Alan Dee’s cinema preview
ONCE upon a time the Hollywood moguls didn’t give a second thought to crunching down chunky and complicated source texts to fit the movie model.
The list of classics that have been pared down for a silver screen version is long and not necessarily that distinguished – the works of Dickens, James Joyce’s impenetrable Ulysses, Joseph Heller’s Catch 22 all spring to readily to mind.
Gone With The Wind went on a bit, to be sure, but at least you got the whole seeping story in one bite.
Even The Bible has been subjected to the Tinseltown cut and shut treatment, and in the past authors who sold the film rights to their work were wise enough to bank the cheque and look away.
Not these days - either because bestselling authors have much more muscle, for fear or offending obsessive fans who can turn against an unfaithful film rendition of their favourite work or because they’ve realised they can soak the saps for two tickets instead of one, these days you get films at part-works.
We saw it with Harry Potter and now we see it with Twilight – the books in the series got progressively fatter and flabbier and the films followed suit until there was no option to chop the tale in two.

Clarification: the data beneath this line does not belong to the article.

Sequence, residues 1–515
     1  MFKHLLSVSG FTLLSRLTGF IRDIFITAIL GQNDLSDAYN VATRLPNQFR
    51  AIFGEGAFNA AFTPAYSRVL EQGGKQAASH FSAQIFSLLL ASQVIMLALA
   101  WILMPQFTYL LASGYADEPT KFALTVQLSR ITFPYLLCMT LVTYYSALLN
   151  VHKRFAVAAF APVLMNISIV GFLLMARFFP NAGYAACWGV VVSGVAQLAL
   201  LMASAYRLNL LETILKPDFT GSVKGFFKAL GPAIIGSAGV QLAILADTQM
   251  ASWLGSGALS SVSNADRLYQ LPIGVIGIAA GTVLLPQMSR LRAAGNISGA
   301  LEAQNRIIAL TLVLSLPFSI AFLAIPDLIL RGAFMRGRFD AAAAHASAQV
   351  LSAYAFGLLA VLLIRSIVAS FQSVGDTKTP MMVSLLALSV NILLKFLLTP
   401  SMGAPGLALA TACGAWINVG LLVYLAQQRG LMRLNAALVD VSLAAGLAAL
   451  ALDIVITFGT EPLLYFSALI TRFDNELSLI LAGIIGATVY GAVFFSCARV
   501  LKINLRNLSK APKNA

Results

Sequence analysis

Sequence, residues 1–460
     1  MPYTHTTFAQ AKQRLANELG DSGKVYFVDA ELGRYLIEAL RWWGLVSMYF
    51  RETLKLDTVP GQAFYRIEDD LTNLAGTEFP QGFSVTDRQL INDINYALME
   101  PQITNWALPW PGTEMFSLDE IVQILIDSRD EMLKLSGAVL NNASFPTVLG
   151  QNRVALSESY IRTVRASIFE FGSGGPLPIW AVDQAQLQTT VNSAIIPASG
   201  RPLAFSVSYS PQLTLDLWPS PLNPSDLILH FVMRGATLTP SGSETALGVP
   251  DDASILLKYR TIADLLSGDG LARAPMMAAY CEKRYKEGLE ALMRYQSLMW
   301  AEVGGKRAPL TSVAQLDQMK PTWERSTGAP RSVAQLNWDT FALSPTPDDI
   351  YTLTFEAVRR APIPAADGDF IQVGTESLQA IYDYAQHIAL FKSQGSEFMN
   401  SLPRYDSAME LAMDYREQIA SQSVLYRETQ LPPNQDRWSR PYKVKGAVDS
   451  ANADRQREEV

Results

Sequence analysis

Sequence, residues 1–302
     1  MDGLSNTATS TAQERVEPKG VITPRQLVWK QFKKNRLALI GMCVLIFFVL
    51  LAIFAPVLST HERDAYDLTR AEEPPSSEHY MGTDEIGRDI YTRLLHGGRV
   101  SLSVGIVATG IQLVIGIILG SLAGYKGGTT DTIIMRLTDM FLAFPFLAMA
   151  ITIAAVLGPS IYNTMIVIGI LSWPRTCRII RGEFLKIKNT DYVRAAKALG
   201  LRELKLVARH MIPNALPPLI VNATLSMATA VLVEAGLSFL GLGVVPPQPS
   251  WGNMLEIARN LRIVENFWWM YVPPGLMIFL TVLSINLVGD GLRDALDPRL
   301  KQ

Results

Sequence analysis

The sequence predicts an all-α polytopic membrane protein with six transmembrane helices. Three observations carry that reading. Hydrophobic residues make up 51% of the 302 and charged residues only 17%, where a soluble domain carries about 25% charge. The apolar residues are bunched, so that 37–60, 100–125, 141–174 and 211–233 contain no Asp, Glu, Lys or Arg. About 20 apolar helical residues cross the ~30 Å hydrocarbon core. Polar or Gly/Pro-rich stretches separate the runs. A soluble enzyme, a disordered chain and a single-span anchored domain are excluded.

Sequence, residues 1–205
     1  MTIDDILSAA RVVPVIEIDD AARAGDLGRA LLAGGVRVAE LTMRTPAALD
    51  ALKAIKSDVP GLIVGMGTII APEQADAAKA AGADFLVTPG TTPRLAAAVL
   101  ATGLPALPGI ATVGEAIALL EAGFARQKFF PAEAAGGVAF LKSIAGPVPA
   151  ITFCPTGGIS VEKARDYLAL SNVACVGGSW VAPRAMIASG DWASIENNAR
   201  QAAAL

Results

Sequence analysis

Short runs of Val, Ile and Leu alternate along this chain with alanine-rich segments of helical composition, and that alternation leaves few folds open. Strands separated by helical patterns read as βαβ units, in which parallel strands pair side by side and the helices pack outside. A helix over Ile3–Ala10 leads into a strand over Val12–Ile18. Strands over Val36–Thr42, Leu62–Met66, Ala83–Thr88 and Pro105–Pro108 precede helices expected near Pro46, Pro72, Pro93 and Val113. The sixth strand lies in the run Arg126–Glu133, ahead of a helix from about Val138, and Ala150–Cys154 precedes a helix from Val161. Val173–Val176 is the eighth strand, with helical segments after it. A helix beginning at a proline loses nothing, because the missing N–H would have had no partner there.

So vampire and werewolf fans can pay their money this week to see The Twilight Saga: Breaking Dawn, Part 1 with the reassurance that the second half will be following next year.
It’s easy to be sniffy about this High School Musical-style horror – even if you’re undead you look gorgeous, and while leads Robert Pattinson and Kristen Stewart still look comely enough they haven’t yet learned how to command the screen.
But respected and veteran director Bill Condon is calling the shots on both films and there’s no denying that – despite being daft and skin-deep – this first instalment has been reliably well-crafted.
Fans of the series will know that there’s a wedding, a threatened unborn child and a difficult decision to be made.
Whether the Twilight bandwagon still has enough followers to make this effort and next year’s grand finale anything more than nine day wonders remains to be seen – if it’s still showing come Christmas, I’ll be very surprised.
> There’s not much else on offer this week as most movies have stepped aside to allow Twlight full rein, but as Nicolas Cage ploughs on through project after project to sort out his finances you can always bet on another bonedead thriller being available.
So after last week’s Trespass, say hello to Justice – here narcoleptic Nic is married to January Jones, which is nice, but she is badly injured in a sickening attack and Guy Pearce pops up as the representative of a vigilante group who offers to sort out the offender.
With the crook croaked, Nic finds himself being drawn into the instant justice gang.